“The North Vietnamese understood that they could keep fighting and win once the U.S. left … The U.S. underestimated the outside support North Vietnam would continue to receive. It … overestimated how well the South Vietnamese forces could hold on”.
In addition, in the US at the time, there was,
“a near denial of how badly divided the Vietnamese government was, how corrupt and ineffective the government was at both the civil and military levels, the level of economic strain on the country and government, and how ineffective the shell of a democracy was in actually motivating and uniting the people”.
We can see why he sees parallels.
I pay tribute to the NGOs and other agencies that noble Lords have mentioned which continue to work in Afghanistan, often against the odds. I read with enormous interest the latest issue of the Conciliation Resources publication Accord, entitled “Incremental Peace in Afghanistan”. Editors Anna Larson and Alexander Ramsbotham describe,
“the need for a radical change in approach to move beyond peace rhetoric in Afghanistan through a progressive, step-by-step process towards political settlement, which builds stability, confidence and legitimacy over time”.
They argue for two phased objectives. The first, in the short term, is to reduce violence, which they state,
“inevitably involves a central role for the conflict parties, principally the Taliban and the Afghan government”.
Their second, long-term, objective is,
“to achieve a more broadly inclusive social contract representative of all Afghans which is only achievable with involvement and ultimately endorsement across Afghan society”,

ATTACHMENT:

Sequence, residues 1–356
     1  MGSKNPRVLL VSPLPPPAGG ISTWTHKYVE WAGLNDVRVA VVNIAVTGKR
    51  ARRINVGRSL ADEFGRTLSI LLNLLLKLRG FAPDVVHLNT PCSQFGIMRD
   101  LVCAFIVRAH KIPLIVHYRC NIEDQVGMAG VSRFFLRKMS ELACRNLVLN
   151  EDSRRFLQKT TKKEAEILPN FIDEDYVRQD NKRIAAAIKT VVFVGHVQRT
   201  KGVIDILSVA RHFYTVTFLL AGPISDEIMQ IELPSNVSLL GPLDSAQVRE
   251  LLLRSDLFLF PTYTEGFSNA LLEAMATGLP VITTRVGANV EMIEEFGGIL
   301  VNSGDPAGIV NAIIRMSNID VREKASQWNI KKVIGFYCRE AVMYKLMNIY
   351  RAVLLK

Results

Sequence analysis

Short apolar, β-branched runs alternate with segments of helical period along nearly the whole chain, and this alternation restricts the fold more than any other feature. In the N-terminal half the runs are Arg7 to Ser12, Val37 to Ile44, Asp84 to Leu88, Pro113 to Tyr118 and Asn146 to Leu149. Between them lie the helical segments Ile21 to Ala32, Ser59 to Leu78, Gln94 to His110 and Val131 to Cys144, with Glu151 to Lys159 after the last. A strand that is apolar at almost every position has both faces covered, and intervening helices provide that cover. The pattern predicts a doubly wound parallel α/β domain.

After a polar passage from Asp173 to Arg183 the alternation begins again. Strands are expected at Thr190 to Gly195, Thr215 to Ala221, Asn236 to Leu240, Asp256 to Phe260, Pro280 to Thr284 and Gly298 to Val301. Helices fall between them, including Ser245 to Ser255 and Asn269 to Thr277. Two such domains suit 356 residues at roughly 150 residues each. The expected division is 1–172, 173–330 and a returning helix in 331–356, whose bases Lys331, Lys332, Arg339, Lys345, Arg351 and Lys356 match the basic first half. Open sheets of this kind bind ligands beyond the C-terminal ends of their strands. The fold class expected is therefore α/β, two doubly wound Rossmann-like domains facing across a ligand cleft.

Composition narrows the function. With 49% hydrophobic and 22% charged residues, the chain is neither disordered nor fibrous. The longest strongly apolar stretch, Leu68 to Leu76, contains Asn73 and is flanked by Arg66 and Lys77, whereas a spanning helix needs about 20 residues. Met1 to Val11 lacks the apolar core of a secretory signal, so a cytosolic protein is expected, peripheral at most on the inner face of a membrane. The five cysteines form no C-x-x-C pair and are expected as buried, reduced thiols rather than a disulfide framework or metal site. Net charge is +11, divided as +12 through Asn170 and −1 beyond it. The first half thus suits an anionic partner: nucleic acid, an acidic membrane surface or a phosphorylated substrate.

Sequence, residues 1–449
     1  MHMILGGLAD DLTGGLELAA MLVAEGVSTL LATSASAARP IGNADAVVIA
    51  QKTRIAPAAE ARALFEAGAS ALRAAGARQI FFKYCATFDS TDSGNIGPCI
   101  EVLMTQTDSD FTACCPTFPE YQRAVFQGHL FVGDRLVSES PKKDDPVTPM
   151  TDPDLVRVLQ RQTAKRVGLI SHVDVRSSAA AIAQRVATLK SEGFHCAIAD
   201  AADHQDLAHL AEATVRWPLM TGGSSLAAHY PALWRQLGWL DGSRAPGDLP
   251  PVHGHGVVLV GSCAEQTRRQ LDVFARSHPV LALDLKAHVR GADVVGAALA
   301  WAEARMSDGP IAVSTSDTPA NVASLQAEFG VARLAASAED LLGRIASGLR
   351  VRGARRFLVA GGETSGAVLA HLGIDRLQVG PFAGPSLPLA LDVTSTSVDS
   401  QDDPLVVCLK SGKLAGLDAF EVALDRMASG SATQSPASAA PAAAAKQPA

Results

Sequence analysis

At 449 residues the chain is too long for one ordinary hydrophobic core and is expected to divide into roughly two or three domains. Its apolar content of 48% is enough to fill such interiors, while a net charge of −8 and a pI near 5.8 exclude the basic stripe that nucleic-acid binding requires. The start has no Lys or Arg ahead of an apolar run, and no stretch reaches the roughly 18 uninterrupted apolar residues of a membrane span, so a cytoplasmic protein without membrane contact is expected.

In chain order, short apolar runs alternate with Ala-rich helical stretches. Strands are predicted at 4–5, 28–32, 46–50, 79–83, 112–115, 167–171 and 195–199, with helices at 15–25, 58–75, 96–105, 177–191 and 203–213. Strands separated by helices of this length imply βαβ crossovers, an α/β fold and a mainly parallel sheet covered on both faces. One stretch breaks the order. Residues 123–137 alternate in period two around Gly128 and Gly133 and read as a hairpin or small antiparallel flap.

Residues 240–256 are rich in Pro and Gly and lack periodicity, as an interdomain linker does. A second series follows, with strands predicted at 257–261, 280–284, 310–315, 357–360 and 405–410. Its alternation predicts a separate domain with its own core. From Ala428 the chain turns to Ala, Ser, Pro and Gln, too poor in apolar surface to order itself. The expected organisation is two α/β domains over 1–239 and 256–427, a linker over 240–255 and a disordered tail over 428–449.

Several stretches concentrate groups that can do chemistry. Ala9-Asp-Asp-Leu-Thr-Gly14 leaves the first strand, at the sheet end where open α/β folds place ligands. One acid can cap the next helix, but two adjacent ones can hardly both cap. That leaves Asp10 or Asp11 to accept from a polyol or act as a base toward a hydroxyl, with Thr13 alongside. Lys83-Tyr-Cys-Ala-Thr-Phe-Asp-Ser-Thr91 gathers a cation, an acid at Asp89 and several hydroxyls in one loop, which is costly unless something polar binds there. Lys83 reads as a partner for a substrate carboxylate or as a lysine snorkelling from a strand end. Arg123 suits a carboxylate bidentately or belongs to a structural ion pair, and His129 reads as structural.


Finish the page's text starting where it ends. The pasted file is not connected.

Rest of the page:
to which the noble Earl, Lord Sandwich, referred. This strikes me as depressingly familiar, if clearly right. The authors argue that drivers of conflict include a well-established war economy. The Taliban and the Afghan Government fight on, having secured sufficient external backing on both sides to do so. Underlying the violence are,
“persistent political disputes over how power is shared and how future reforms are configured”.
Yet, perhaps encouragingly, most parties acknowledge that war can end only through a negotiated settlement. President Ghani’s offer to the Taliban of a political process is of course welcome—other noble Lords have referred to it. The Taliban appears divided on this and some pro-government Afghans do not want to share political power or fear compromise on human rights. Women’s rights might be a casualty.
The Accord authors also point to the need to balance the centre and periphery. They note that previous sub-national peace efforts have often been undermined by resistance from central government and from Taliban central leadership. No one wants to cede power.
Despite these failures, the Accord authors suggest that local initiatives could be a place to start. What support are the Government giving to President Ghani’s peace initiatives, including his offer of dialogue with the Taliban and subsequent offers of ceasefires? What steps are the UK taking to encourage the Taliban leadership and the movement more broadly to move towards a political dialogue with the Afghan Government? How do the UK Government plan to work with partners to build momentum in these areas? What is the Government’s strategy if the Taliban leadership does not seriously enter negotiations? What other routes to peace are being pursued? How do we ensure that peace processes are inclusive so that women as well as men are involved, as the noble Baroness, Lady Hodgson, emphasised?
The conflict in Afghanistan has proved extremely intractable, but we cannot walk away. Perhaps the main hope should be that this seemed also to be the case also in Northern Ireland, in the Balkans and in Vietnam itself. Conflict is not inevitable, even if the interests of some in Afghanistan and elsewhere seem to be in its perpetuation rather than its cessation.